Energy J. 38, http://doi.org/b4r2 (2017)
Whereas households in mature economies take electricity reliability for granted, in low-income and middle-income countries this is not the case. In Nigeria, the average household suffers power outages more than three times a day (for a total of 19 hours daily) and typically consumes less than 150 kWh per annum, compared to 5,407 kWh in the United Kingdom or 12,988 in the United States. Therefore, a combination of reduced availability and low reliability of power supply has prompted Nigerian households to use back-up generation to complement unreliable electricity services. However, the impact of self-generation is rarely considered when estimating consumers’ willingness to pay (WTP) for improved power provision. Now, Musiliu Oseni, from University College London, UK, uses the results of a recent survey to estimate the impact of back-up generation on the WTP of Nigerian households for increased reliability of electricity services.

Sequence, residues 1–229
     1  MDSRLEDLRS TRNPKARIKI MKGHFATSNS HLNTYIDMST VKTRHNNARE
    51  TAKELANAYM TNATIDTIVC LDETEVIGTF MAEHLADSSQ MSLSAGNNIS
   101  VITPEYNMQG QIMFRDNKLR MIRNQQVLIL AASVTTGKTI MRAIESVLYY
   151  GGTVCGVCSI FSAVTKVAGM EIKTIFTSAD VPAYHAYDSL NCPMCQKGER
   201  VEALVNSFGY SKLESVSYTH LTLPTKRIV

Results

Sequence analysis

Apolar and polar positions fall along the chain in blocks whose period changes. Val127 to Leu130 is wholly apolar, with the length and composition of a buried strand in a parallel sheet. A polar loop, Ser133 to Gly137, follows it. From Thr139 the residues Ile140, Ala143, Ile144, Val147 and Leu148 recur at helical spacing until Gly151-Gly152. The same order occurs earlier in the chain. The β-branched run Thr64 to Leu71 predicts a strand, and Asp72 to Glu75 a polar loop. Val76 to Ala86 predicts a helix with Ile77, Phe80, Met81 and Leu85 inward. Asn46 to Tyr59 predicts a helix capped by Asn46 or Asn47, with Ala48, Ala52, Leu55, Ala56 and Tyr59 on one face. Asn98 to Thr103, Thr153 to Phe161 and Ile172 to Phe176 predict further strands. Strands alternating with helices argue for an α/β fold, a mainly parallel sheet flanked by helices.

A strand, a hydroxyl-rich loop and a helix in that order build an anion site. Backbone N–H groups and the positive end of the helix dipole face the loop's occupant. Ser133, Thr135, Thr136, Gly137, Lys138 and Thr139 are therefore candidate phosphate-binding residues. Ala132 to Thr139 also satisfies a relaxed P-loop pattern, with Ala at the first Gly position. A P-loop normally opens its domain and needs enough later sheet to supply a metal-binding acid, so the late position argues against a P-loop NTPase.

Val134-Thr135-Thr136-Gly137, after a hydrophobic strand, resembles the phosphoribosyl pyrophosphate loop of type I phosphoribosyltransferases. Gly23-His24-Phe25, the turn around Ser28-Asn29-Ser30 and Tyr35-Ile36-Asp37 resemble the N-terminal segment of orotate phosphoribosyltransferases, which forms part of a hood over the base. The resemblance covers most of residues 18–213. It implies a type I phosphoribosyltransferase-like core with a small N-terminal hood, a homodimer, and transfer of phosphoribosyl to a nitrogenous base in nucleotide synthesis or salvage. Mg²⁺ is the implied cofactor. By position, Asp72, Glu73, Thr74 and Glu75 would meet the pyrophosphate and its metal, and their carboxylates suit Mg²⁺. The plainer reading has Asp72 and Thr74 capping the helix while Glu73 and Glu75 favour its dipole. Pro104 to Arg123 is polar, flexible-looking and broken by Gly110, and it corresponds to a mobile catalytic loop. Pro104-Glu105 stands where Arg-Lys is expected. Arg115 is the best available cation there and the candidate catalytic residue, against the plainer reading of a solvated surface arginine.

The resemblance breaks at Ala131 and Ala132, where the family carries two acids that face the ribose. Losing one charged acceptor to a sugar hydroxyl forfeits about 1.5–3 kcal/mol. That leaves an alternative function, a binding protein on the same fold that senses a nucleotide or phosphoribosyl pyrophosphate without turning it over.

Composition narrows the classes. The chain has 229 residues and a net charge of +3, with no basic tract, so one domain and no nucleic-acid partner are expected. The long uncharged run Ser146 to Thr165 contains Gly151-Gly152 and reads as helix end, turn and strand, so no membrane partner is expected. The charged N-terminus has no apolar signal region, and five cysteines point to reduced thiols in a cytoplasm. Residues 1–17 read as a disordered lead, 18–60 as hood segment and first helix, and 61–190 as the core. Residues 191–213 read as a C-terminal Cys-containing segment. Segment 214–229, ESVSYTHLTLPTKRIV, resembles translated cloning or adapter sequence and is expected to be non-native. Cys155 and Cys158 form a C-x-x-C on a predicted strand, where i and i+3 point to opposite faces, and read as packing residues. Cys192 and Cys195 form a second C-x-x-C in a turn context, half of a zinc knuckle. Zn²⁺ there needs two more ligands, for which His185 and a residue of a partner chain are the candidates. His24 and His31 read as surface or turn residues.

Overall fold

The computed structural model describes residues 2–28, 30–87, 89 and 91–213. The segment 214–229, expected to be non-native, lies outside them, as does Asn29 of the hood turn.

Oseni uses data from a survey of 835 households that took place in six local government areas in two states in southwest Nigeria (Lagos and Osum) in April 2013. Using both preferences stated in the survey and those revealed by the positive actions taken to reduce the impact of power cuts, the study allows an economic value to be attached to the cost of supply outages for residential consumers. The results show that Nigerian households that possess back-up generation are willing to pay US$1.42 on top of the monthly electricity bill (an increase of 4.4% on the average bill) to improve service reliability. This means that families that have back-up generation are willing to pay 23.6% more per kWh than households without back up. This study confirms that Nigerian households, regardless of their specific circumstances and income, are already engaged with measures to improve power reliability and are willing to pay an extra amount above the current electricity bill to secure better electricity supply. These results suggest that the Nigerian government could gradually remove electricity subsidies to raise the capital required to finance additional generation capacity.
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Rubino, A. Electricity reliability: Willingness to pay in Nigeria. Nat Energy 2, 17063 (2017). https://doi.org/10.1038/nenergy.2017.63